Adopt a park plan met with some concerns
HONOLULU (HawaiiNewsNow) - Cleaning Oahu's filthy parks is proving too big a job for the city to handle alone. Honolulu City Councilwoman Kymberly Marcos Pine introduced a bill to get more volunteers to help.
The obvious question is why can't the City maintain the parks? The response from Mayor Kirk Caldwell's administration is that there are a lot of parks and little funding. The mayor's administration admits park maintenance is an area it needs to improve, but it also has concerns with letting volunteers handle the big jobs.
There are 284 City parks on Oahu covering more than 5,100 acres. Some facilities are falling apart. There aren't even toilet paper dispensers in some.
"Even if you add up all of our parks we're never going to get to everything in my lifetime," said Kymberly Marcos Pine, Honolulu City Councilmember. "We would need to spend millions and millions of dollars, I would believe hundreds of millions of dollars just to sort of catch up."
Councilmember Kymberly Pine wants more money and workers dedicated to park maintenance. Until that happens she's authored a bill that would allow the community to volunteer to repair and improve parks.
"I hope that this becomes a core mission again of the City from this point on and that's why we want to put it in the charter so we never forget the maintenance of our parks again," said Pine.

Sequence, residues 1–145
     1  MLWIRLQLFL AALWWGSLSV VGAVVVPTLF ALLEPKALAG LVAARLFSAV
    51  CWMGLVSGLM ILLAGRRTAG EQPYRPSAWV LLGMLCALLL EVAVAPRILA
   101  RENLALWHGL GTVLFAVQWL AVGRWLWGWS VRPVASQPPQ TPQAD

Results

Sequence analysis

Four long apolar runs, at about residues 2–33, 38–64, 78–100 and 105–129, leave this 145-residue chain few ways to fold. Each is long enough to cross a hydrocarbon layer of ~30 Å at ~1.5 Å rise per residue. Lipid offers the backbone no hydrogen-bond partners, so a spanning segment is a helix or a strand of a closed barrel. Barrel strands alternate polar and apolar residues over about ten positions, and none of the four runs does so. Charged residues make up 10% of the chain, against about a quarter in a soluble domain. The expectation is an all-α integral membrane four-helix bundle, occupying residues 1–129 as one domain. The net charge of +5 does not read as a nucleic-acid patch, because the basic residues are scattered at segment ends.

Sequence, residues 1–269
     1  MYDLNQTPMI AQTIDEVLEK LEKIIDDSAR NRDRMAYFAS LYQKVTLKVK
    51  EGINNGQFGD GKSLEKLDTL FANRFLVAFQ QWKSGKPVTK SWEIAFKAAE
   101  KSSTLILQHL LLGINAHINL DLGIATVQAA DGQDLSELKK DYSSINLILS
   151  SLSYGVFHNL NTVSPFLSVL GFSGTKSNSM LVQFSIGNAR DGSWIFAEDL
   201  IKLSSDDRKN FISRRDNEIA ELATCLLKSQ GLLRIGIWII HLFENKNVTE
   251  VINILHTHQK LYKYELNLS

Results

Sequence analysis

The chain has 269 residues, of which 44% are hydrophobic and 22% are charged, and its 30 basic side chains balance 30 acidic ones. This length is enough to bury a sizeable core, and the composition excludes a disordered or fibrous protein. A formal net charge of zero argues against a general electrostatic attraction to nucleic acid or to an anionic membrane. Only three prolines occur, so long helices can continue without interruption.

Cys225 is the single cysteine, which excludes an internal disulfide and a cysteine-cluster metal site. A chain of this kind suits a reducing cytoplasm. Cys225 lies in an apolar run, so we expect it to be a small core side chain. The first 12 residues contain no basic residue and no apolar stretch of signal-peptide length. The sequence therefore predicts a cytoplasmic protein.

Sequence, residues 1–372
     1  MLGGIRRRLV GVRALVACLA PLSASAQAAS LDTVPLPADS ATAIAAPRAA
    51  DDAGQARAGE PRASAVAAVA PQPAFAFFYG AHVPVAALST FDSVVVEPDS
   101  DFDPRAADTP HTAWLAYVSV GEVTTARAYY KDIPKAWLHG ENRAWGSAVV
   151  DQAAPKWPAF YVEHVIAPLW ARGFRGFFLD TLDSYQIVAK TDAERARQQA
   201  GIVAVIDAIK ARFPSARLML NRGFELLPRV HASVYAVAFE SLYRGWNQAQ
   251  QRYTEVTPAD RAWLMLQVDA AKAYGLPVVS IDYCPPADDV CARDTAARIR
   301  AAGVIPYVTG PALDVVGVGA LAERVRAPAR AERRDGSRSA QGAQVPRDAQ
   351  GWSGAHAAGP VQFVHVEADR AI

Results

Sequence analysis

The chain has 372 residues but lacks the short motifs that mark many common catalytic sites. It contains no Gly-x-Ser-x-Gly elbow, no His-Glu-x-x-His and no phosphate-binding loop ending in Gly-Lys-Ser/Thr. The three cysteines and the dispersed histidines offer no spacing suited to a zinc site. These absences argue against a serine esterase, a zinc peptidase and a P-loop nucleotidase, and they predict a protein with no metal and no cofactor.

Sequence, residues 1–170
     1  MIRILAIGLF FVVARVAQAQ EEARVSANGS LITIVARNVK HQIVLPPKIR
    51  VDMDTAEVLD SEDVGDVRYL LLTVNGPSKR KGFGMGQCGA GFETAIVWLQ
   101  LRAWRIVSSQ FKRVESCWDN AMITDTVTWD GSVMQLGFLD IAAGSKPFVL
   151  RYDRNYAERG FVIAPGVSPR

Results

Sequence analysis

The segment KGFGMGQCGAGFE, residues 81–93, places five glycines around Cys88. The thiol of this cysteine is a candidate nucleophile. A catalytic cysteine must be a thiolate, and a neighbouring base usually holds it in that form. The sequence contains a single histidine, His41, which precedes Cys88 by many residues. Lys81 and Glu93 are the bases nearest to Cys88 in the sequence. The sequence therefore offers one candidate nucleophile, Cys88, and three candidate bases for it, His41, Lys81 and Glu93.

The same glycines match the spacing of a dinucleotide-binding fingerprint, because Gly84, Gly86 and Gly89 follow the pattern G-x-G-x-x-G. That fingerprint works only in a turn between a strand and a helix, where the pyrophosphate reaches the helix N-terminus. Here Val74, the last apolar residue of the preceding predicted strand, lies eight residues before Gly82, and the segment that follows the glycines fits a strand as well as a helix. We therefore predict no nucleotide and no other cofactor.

The City says it is willing to work with Pine, but also points out that it already has a similar adopt a park program. There are also concerns with liability. Having volunteers repair roofs or fix plumbing could lead to other problems. It's a sentiment echoed by testifiers at the City Council.
"My concern is that the City seeing that these certain parks are being care of that they might not put adequate funding toward them and do what they are supposed to do," said Natalie Iwasa, community advocate.
"I think it would give the City & County more of an incentive to actually help with whatever we are trying to do," said Cedric Gates, Active Hawaii Organization.
Gates says he's got 100 volunteers ready to work. They just wish they didn't have to wait for bureaucratic approval.
"This gives us the opportunity to actually fast track those improvements," said Gates.
The plan did pass the first of three votes today but the council has a lot of specifics to sort out before it makes its way to the Mayor's desk.
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